What to Do When Your Swimming Pool Lights Don't Work

light in swimming pool
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Note: Be very careful when working with electricity and water. Make sure to follow every possible safety precaution and to turn off the power at the main circuit breaker, and mark it to be left off while you are working.

You shouldn't need to empty your swim pool to fix a broken light. The first thing you will need to do is to make sure that the circuit breaker is not tripped. If the circuit breaker is tripped, turn off the light to the pool and try turning on the circuit breaker.

If it trips immediately, you have a short circuit, in which case you need to get an electrician to correct this problem. If the circuit breaker is not tripped, you can now proceed to check the GFCI (Ground Fault Circuit Interrupter).

Check the GFCI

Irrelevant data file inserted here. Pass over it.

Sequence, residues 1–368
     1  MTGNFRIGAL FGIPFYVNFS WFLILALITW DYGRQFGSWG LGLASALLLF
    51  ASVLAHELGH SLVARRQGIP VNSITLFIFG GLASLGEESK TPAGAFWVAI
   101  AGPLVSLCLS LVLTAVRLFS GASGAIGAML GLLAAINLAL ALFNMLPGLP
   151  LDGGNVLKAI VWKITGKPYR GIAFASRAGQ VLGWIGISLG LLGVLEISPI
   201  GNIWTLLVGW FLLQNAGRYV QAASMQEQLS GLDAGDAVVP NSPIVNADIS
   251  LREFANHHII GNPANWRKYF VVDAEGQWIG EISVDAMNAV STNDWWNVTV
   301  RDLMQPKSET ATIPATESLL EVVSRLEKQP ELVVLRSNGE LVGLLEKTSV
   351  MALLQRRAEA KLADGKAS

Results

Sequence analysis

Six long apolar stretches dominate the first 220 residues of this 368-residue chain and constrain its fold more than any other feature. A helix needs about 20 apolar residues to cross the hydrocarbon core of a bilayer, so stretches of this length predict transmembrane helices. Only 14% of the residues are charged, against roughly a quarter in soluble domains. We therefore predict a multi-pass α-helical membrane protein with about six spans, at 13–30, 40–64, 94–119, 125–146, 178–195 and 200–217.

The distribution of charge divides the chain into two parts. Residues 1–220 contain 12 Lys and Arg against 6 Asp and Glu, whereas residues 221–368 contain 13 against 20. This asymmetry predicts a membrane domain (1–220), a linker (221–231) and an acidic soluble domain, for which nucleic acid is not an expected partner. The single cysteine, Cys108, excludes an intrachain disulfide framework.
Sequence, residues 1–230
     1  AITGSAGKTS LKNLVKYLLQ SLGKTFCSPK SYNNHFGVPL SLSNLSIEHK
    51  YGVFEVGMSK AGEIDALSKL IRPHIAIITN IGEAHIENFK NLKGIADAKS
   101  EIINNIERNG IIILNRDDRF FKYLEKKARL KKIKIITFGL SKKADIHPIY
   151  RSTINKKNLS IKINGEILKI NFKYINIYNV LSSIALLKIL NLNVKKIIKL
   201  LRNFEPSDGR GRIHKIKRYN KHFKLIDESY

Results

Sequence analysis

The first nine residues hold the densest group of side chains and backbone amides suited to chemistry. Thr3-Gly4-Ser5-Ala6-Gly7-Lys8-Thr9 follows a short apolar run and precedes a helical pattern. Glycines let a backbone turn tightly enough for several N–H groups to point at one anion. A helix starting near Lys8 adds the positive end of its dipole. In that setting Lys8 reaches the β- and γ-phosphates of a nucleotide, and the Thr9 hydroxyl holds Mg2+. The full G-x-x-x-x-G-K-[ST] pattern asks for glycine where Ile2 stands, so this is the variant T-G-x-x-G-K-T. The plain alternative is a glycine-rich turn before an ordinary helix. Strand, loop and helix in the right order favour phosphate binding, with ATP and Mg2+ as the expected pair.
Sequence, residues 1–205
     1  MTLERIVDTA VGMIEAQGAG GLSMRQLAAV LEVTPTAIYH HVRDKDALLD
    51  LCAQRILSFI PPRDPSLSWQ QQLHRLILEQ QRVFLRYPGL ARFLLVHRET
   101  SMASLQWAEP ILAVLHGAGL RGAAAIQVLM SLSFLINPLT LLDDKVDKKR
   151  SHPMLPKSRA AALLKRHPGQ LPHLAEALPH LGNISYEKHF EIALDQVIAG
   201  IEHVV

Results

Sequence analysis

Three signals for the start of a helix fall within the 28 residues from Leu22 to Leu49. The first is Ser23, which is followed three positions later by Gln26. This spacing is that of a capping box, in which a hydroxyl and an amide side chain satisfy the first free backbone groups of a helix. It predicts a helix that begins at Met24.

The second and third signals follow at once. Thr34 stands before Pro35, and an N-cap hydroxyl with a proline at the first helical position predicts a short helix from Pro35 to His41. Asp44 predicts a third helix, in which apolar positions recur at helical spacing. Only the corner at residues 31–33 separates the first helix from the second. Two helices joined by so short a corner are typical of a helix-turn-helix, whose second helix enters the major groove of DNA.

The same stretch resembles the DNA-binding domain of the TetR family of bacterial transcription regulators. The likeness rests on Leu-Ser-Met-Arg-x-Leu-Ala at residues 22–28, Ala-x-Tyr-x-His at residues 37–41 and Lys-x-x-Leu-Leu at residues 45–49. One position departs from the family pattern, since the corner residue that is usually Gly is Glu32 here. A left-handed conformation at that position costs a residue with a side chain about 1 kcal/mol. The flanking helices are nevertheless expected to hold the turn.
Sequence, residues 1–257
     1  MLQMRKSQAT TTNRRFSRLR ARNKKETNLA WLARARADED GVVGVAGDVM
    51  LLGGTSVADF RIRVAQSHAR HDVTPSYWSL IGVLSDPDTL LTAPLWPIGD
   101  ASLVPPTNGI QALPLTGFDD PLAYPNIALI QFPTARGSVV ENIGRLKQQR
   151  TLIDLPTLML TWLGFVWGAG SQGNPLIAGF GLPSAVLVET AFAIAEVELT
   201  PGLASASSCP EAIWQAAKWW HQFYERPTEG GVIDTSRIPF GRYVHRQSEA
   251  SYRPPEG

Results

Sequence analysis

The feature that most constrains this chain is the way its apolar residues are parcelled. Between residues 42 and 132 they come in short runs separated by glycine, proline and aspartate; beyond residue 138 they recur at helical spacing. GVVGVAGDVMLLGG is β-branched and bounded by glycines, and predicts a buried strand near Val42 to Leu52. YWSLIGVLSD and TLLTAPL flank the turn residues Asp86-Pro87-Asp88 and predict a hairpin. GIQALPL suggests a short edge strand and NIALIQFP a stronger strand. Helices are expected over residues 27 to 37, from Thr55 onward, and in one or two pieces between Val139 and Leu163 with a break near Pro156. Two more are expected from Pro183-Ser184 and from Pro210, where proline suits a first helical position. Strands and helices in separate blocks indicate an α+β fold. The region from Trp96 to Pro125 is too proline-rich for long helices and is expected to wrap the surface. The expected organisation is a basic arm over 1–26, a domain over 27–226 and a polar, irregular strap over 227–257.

You can think of a GFCI as a circuit breaker that is much more sensitive than your standard 15/20 amp breaker in an electrical panel. It is designed to trip if it detects a very small current going to ground. If you don't understand this, just know that it is designed to prevent electric shock to swimmers from your pool lights.

The GFCI could be found in several locations. It is easiest to locate by the test button that is part of it. The most likely locations for the GFCI are:

  • your main panel box for your house
  • a subpanel box at your pool filter system
  • an electrical outlet near the pool

Once you have found the GFCI, check to see if it has been tripped.

With the pool light switch still off, push the test button. If it "pops," you know that there is power to this point and that it was on. If it doesn't "pop," try pushing in the reset button and see if it holds. If it doesn't hold or immediately trips, you will need to call an electrician to track down the problem and correct it.